NAPO Member, Jan Lehman shares her “10 Weeks of Productivity” during NAPO GO Month. #GOMonth2018
In order to be productive, it’s important to understand what productivity means at its roots. Over the next 10 weeks, we are going to define productivity by breaking it down into the 10 most effective actions practiced by highly productive professionals.
Before we start with this week’s topic, here are some basic productivity concepts to get you started on your path to a more productive workday.
Productivity is about quality and value, not quantity and volume.
Productivity relates to the accomplishments in your day that have meaning and purpose.
Productivity is about achieving an end result that possesses integrity and value.
Productivity is about maximizing your most important resources: Time, Technology and Talent.
Productivity is about giving you more time and energy for the people and activities in your life that bring you joy.
Over the next 10 weeks, we’ll take a deeper look into the following topics leading you to optimal productivity. Let’s get started!
WEEK 1: DEFINE YOUR ISSUES AND GOALS
Let’s face it. You’ve got issues. We all do. Whether you’re the CEO of a multi-million dollar corporation or a part-time employee of a non-profit organization, you have things that could be running more smoothly. Now that we have that out in the open, let’s figure out just what those issues are, and how they’re impacting your productivity.
Defining your issues isn’t as simple as it may seem. It’s easy to point fingers at the people and processes that slow us down, but are they the real problem? I recently had a client (we’ll call him Bob) come to me with an issue. His employee (we’ll call him Joe) had an email problem. Joe just couldn’t seem to respond to email in a timely manner. His inbox was always overflowing, and requests were piling up. Bob hired me to coach Joe on how to manage his email more efficiently.
After spending several hours of Joe’s day walking through email management efficiencies, I was enlightened to find that Joe knew perfectly well how to manage his inbox. Email wasn’t Joe’s issue. Bob had failed to define the issue.
After taking a step back and observing Joe carry on with the to-dos of his day, the issue became strikingly clear. Joe, like so many others, had a time management issue. It wasn’t that he didn’t understand how to keep his inbox tamed; he simply didn’t have the time and hadn’t made it a priority.
What did we learn about defining the issue?
A) Bob is a bad boss and should be demoted.
B) Joe is lazy and stupid.
C) Don’t assume the nature of an issue without investigating.
I hope you responded with C. Defining the issue can be just as much of a process as solving it, which is why this step is crucial. A wrongly stated issue can lead to even bigger problems, like hours spent on the wrong priorities, less revenue-impacting hours worked and even jobs lost.
We must become (or find others willing to become) explorers, observing the daily routine of ourselves and our employees, like cheetahs in the wild. Stand back, be quiet and let nature take its course. Amazing discoveries and insights are made at this stage, including defining the real issues.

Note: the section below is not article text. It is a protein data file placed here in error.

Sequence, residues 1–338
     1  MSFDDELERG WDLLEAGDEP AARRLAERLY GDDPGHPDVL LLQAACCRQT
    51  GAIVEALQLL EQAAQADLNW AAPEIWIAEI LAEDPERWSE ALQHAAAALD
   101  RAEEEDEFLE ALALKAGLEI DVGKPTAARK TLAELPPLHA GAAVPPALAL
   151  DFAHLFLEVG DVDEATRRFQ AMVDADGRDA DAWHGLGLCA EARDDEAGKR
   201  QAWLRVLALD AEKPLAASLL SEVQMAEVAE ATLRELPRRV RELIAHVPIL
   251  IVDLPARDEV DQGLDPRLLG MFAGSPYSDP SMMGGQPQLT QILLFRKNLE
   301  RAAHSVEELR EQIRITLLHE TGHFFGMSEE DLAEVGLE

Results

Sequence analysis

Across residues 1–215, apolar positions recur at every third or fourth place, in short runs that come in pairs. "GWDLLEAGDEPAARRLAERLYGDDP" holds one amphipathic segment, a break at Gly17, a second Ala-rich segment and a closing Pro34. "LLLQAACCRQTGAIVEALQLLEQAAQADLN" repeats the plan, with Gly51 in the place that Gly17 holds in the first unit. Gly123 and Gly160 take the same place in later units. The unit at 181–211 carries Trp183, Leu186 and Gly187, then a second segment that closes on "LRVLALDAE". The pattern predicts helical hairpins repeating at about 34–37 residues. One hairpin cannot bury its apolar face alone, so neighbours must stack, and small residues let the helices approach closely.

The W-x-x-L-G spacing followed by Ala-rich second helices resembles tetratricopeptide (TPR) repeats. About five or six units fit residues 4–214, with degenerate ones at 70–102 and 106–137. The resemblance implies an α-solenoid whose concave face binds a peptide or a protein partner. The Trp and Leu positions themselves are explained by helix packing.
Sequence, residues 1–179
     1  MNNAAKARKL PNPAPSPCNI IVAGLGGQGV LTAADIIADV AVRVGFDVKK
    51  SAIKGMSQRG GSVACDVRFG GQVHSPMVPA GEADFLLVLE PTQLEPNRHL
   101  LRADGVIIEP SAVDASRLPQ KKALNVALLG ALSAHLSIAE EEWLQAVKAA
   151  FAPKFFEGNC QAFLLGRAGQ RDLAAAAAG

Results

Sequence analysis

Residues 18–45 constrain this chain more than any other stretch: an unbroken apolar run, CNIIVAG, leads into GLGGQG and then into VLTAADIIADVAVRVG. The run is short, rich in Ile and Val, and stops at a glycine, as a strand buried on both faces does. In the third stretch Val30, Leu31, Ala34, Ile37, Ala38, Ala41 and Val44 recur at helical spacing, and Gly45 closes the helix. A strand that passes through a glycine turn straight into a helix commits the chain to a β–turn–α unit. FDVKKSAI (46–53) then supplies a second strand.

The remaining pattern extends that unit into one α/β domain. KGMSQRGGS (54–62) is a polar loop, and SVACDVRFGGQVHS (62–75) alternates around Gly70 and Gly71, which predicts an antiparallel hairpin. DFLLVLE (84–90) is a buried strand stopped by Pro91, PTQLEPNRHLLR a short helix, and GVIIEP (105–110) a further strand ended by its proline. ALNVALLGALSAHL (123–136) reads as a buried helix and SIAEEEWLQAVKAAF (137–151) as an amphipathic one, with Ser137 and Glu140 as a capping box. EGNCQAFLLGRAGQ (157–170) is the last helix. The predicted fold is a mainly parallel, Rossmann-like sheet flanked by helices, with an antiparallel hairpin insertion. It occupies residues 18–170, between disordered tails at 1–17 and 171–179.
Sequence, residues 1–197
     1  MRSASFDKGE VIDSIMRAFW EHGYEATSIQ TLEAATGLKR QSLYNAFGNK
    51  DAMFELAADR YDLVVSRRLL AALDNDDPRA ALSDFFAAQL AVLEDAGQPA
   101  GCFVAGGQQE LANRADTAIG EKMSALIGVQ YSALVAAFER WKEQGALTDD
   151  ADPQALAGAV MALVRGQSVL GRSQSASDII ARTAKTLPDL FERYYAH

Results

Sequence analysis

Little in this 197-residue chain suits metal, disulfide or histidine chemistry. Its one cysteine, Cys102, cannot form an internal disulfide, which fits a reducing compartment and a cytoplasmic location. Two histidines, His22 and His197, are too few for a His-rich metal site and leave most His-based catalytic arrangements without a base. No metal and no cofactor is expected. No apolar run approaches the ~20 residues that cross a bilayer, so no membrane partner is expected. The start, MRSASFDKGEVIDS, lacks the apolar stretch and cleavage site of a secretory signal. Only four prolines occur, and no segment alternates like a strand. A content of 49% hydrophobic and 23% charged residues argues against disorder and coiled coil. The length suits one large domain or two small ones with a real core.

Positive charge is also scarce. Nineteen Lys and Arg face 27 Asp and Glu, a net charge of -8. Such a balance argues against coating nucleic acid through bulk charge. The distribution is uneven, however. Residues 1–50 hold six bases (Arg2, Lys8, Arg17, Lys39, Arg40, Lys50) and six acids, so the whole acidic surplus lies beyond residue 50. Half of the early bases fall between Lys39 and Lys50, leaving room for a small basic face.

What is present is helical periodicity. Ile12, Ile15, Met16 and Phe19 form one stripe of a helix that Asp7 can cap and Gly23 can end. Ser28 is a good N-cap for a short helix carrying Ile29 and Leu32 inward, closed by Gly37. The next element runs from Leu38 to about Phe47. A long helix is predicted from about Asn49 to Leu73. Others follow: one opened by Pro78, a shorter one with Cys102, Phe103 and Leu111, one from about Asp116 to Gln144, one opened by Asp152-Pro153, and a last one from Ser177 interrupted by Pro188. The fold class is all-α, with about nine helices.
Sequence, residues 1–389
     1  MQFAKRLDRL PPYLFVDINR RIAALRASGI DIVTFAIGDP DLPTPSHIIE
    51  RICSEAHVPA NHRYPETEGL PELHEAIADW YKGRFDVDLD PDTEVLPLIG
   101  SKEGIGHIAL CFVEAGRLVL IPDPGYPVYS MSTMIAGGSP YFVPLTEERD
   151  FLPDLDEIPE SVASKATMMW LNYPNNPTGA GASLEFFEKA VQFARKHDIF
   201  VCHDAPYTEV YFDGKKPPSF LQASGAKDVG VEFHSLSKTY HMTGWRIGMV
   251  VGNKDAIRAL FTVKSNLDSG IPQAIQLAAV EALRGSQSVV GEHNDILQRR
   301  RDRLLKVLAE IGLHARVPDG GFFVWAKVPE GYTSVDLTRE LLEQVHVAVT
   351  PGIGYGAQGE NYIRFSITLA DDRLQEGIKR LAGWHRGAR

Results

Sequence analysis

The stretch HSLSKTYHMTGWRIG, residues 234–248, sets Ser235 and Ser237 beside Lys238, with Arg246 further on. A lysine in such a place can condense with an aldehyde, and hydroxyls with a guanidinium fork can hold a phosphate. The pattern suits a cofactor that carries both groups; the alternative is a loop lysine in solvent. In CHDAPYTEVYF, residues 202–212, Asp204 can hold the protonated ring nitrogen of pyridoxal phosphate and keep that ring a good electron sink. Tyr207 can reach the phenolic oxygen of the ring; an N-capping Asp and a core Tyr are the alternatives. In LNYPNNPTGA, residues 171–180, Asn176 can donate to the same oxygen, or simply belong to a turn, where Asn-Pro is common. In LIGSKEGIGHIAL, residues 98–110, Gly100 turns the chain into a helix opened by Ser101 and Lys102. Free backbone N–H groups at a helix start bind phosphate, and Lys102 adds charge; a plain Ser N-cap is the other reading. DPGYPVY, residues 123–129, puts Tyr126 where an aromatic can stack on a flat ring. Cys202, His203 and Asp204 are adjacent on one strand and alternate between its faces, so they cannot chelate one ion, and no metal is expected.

GOALS AREN’T JUST FOR HOCKEY PLAYERS
Like defining the issues, discovering and mapping out clearly defined goals is an integral aspect of optimal productivity. Because there are numerous accessible resources on mapping out goals (think S.M.A.R.T goals), we won’t get into that now. Rather, I want to emphasize the importance of having a goal as the focus of each and every day.
Not only does having a goal force you to think about what your most important and impactful work is, but it also gives you a grand sense of accomplishment when you actually achieve your goal. Taking pride in your work and feeling a sense of accomplishment are significant characteristics of highly productive individuals.
WHAT’S TOMORROW’S GOAL?
Because I’m in the business of productivity, it would be intrinsically wrong for me to advise you to spend the first (and often the most productive) part of your day defining your goals for that same day. Instead, take a few moments at the end of your workday to identify your goals and priorities for the next day. These would be your short-term goals, like completing a particular project, responding to a defined number of emails or even just making it home on time to have dinner with your family or get in a good workout. Starting your day with a goal in mind, and not having to spend your most focused time deciding how to attack your workload is an immense time saver!
Ultimately your short-term goals will get you to your long-term goals. If your goal is to get promoted in the next 12 months, but you’re always behind on projects because your time is spent on meetings and email, you’re probably missing short-term goals. Taking the time to clearly define your goal for each day will lead you to accomplishing those long-term goals.
Of course, things happen and goals can shift and change as each day progresses. Don’t let that throw you off course. Take a deep breath and 5 minutes to re-evaluate what your plan of attack is.
As you work through defining your issues and goals, remember it takes time, but it saves more time in the big picture. Most importantly, don’t let your most valuable work fall to the wayside because of poorly defined or undefined goals and issues. Once the discovery is made, you’ll be amazed at how much more value and meaning will come out of your accomplishments and how impactful you can be!
The tragedy of life doesn’t lie in NOT reaching your goal. The tragedy lies in having NO GOALS to reach. – Benjamin Mays